Efficient cutting processes reduce material waste, increase rate of production, and involve little to no cleanup. The high degree of precision that metal cutting technology provides allows for increased efficiency and productivity in the manufacturing industry. 1967 marked the beginning of the use of lasers for industrial material processing. Today, laser cutting machines continue to take up the largest portion of the metal cutting machine market, going beyond that of plasma, water-jet, and mechanical cutting.
Basics of Laser Cutting
Laser cutting technology involves the use of high-energy beams of light for burning, melting, or blowing away various materials. A laser cutter produces a beam to cut through materials like sheet metal, wood, diamond, glass, plastics, and silicon.
In the past, the beam was directed to its target spot with the use of mirrors. However, fiber optics is more commonly used for directing light today. A lens allows the beam to focus on and burn, melt, or vaporize a specific area on a material. The process depends on the method of laser cutting employed.
Laser Fusion Cutting
Laser fusion cutting melts material and uses a high-pressure stream of gas to move molten material away. Material is cut all the way through because the lasers produce beams that operate in continuous waves and with long pulses of light. The lasers go through the entirety of the metal. However, this requires the material be immediately sheared out of the gap to prevent the molten pool to harden upon cooling.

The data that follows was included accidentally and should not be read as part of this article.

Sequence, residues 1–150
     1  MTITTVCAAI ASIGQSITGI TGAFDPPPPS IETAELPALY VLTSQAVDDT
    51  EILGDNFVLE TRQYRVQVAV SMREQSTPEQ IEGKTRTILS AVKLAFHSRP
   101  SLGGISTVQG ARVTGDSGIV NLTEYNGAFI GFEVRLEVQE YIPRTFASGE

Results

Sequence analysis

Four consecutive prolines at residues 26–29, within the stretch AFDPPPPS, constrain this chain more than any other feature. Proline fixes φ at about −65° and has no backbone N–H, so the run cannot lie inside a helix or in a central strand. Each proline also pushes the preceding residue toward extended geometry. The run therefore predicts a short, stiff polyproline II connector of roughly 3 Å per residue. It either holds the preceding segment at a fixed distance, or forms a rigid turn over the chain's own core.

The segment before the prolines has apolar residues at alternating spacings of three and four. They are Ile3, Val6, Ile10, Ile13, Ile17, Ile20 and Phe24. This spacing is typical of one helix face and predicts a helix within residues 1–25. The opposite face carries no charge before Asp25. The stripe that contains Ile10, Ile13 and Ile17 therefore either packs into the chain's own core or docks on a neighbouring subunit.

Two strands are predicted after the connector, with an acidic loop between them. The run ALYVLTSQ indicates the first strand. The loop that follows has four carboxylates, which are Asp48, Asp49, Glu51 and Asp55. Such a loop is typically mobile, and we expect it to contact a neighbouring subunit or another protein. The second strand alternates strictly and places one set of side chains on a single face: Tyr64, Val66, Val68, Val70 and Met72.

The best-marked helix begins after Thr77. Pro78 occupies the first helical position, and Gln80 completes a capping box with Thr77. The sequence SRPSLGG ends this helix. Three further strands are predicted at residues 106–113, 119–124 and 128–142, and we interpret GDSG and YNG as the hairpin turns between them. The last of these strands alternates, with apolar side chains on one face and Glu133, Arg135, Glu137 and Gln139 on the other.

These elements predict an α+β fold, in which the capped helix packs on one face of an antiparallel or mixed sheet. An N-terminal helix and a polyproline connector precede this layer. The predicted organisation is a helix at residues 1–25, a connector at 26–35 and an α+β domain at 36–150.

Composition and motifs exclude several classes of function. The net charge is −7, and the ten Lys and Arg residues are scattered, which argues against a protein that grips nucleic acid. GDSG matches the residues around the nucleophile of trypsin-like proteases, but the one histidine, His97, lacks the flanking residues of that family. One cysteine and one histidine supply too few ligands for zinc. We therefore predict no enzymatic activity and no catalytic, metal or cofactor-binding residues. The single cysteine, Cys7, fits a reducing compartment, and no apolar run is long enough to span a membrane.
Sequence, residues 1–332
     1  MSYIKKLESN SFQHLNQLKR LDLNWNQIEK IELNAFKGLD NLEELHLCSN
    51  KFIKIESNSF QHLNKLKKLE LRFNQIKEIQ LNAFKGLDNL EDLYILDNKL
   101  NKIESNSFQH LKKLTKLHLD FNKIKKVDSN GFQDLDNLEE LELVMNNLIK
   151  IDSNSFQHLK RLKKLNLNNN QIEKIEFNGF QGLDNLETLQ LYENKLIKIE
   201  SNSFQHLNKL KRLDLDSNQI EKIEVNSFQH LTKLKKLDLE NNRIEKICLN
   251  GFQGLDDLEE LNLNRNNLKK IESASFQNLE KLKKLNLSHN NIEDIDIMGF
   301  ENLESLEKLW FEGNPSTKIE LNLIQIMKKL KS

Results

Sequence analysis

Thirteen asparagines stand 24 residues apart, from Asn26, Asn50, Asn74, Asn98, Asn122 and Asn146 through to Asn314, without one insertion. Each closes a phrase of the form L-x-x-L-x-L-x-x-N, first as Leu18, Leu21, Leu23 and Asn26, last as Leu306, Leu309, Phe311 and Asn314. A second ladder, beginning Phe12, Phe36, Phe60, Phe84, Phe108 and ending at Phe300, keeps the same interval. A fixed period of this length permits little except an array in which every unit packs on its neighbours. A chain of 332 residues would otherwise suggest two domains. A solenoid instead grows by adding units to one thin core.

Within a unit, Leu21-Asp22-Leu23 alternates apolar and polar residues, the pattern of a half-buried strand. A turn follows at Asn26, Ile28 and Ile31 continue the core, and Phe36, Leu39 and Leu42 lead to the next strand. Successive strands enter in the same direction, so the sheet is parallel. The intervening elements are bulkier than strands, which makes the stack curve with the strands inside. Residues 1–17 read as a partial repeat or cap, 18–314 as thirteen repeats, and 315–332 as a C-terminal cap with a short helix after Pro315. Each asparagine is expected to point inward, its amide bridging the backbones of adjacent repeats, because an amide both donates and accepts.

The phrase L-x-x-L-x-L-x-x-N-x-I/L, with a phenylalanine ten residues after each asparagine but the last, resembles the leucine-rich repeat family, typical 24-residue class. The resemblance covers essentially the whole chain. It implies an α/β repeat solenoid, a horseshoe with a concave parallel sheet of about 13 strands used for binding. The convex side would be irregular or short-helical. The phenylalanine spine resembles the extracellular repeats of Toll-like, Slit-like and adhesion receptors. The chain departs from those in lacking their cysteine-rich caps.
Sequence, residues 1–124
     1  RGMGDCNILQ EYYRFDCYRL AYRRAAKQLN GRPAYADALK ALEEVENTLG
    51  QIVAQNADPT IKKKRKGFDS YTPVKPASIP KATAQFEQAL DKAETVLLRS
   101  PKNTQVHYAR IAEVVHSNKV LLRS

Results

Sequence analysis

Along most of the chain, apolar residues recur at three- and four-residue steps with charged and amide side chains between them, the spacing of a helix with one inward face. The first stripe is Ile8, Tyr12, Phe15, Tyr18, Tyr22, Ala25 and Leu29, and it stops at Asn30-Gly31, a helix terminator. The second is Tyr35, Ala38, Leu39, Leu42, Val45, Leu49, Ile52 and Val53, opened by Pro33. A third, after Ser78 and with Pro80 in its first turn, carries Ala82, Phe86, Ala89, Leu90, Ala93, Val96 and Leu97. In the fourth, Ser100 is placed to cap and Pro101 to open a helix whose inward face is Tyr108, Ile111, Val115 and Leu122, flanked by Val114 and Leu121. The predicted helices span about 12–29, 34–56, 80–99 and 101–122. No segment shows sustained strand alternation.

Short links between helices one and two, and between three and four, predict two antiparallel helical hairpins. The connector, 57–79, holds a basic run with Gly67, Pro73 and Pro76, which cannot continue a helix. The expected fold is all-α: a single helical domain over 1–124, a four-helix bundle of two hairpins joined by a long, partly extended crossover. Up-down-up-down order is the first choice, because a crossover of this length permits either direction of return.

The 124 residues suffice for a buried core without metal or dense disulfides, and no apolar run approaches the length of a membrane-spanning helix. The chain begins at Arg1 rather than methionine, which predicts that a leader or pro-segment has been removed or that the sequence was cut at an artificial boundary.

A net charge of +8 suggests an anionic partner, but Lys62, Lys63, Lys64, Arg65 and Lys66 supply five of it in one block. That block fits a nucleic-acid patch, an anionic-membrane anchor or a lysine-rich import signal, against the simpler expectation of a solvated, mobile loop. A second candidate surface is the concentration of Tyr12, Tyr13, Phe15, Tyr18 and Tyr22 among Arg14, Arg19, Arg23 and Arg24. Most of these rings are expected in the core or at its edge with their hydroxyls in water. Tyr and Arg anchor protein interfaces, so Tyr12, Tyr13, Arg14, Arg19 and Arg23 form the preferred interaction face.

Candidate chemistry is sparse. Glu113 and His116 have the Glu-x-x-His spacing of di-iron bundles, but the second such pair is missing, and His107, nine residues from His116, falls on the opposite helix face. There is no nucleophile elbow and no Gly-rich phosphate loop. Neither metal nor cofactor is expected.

This type of cutting is much faster than ablative laser cutting for cutting materials about 0.5mm to 12mm thick.
Ablative Laser Cutting
Ablative cutting involves the use of a pulsed laser to remove material layer by layer on a microscopic scale. Unlike laser fusion, this type of laser cutting evaporates and does not melt material. It can be used to create either a partial or a complete cut through materials.
Materials for Laser Cutting
Laser cutters are used for a wide range of materials across many industries. Reflectance is an important consideration for determining the type of material laser cutting can be used to cut through. Modern fiber lasers are equipped with an optical setup and provided high peak power to cut through all reflective metals.
However, despite advancements and improvements in fiber laser technology, material thickness remains a significant limitation for laser cutting. The general maximum surface thickness of metal is one inch. Thicker material is better and more efficiently cut with other types of cutting tools.
Efficient Laser Cutting
A common misconception of laser cutting is that efficiency is dependent on raw laser power. This perception implies greater power can automatically improve efficiency. However, advancements undergone by fiber laser technology mean lasers depend on and can be improved by factors beyond simply increasing laser beam power. Efficiently cutting through thin materials requires improvements in the machine dynamics responsible for acceleration and deceleration.
Laser cutting technology is especially beneficial when running large production lines. Laser cutters continue to dominate the cutting machine market and allow manufacturers to save on time and reduce waste.